Volume 40 | Issue 71
Earlier this year, Philadelphia enacted its so-called wage equity ordinance, becoming the first city in the country to prohibit salary history inquiries during the hiring process. The ordinance, which was to take effect on May 23, quickly faced legal challenge. A federal judge temporarily blocked its enforcement, but has now dismissed the lawsuit without prejudice and granted the Chamber of Commerce for Greater Philadelphia additional time to file an amended complaint. Employers will want to continue monitoring developments closely.
In January 2017, Philadelphia enacted an ordinance (Bill No. 160840) to prohibit most employers and employment agencies from asking about a potential hire’s wage and fringe benefits history, or conditioning job interviews or employment on its disclosure. The so-called wage equity ordinance was to take effect on May 23. (See our January 27, 2017 For Your Information.)
On April 6, the Chamber of Commerce for Greater Philadelphia filed a federal lawsuit to block its implementation and enforcement on constitutional and other grounds. The Chamber also sought expedited relief, filing a motion for a preliminary injunction to prevent the ordinance from being enforced during the pendency of the lawsuit. The city agreed to delay implementation until the motion is resolved. On April 19, the U.S. District Court for the Eastern District of Pennsylvania issued an order that temporarily stayed the May 23 effective date pending resolution of the motion, and ordered the parties to address whether the Chamber has legal standing to bring the lawsuit. (See our April 28, 2017 For Your Information.)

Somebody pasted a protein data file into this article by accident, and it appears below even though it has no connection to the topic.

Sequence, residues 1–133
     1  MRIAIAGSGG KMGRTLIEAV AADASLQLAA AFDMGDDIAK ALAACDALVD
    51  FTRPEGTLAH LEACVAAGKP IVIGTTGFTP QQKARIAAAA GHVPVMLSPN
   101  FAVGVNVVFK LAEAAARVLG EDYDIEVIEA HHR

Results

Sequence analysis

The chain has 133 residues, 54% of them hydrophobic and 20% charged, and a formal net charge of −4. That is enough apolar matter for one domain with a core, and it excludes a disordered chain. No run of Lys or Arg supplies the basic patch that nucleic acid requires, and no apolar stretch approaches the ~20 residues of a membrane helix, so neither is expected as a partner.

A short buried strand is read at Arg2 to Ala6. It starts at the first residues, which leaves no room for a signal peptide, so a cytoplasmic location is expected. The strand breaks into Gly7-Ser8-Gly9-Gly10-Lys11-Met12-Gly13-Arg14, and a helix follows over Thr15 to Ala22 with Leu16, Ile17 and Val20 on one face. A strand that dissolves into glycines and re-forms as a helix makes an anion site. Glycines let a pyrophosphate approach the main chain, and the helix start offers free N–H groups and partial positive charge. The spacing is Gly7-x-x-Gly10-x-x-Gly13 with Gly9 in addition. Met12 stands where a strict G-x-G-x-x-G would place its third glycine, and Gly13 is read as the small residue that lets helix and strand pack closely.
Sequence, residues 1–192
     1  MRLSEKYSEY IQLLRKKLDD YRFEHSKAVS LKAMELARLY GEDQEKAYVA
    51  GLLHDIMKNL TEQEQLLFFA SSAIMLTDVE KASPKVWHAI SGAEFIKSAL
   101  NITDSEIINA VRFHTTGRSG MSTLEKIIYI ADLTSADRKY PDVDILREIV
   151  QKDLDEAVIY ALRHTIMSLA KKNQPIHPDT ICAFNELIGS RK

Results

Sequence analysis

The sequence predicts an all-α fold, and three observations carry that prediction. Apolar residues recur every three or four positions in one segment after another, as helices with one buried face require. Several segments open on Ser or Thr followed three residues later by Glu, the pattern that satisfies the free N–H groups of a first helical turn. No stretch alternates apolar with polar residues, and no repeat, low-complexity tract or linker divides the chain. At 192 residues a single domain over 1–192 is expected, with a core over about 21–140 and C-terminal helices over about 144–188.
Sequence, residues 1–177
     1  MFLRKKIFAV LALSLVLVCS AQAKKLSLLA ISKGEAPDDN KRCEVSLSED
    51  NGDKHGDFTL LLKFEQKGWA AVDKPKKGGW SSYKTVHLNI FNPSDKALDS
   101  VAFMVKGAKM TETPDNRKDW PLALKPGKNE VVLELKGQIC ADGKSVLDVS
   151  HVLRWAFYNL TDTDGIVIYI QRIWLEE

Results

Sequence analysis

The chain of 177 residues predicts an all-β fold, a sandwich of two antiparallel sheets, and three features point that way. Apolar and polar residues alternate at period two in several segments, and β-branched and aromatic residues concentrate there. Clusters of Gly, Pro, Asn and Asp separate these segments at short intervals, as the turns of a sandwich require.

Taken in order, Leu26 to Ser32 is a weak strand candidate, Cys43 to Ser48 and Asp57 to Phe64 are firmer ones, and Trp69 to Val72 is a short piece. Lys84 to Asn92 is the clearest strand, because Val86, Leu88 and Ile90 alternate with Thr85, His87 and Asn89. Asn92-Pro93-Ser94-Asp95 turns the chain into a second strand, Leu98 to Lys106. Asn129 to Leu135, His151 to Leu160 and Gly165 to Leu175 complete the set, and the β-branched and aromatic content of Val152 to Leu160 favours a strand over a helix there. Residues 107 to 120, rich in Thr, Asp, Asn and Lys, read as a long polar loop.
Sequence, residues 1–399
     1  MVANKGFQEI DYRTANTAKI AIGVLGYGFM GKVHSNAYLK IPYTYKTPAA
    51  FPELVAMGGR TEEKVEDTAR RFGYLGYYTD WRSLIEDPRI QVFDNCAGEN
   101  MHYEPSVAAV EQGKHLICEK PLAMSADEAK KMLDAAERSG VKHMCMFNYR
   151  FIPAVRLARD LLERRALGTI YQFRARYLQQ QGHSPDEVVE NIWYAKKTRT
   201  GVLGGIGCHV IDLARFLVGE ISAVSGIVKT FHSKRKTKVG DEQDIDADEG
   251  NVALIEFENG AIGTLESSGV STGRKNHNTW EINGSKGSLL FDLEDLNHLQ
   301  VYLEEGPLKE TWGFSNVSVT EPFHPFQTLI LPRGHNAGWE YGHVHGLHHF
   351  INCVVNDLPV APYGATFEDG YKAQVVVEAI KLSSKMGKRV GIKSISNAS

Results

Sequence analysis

Chamber’s Challenge Dismissed
On May 30, District Judge Mitchell S. Goldberg dismissed the Chamber’s legal challenge because the organization failed to establish that it had standing to bring the action. In his ruling, the judge said the Chamber failed to identify at least one of its members that would be harmed by Philadelphia’s wage equity law, and the “Chamber’s broad allegations about its members simply do not meet the requirements” for associational standing. However, the dismissal was without prejudice, and the court gave the Chamber 14 days to file an amended complaint.
Following the ruling, the city released a statement saying: “We are gratified by the Judge’s decision. If the Chamber files an amended complaint that cures the standing defects identified by the Court, the City will adhere to its agreement not to enforce the order until the Chamber’s motion for preliminary injunction is resolved. If no amended complaint is filed within the period stipulated by the Court, the City will begin taking steps to enforce the ordinance, which seeks to improve wage equity for women and minority workers in Philadelphia.”
Philadelphia’s wage equity ordinance was to have taken effect May 23 but remains on hold for now. While the lawsuit filed by the Chamber of Commerce for Greater Philadelphia was dismissed, the Chamber may file an amended complaint. Employers should closely monitor further developments.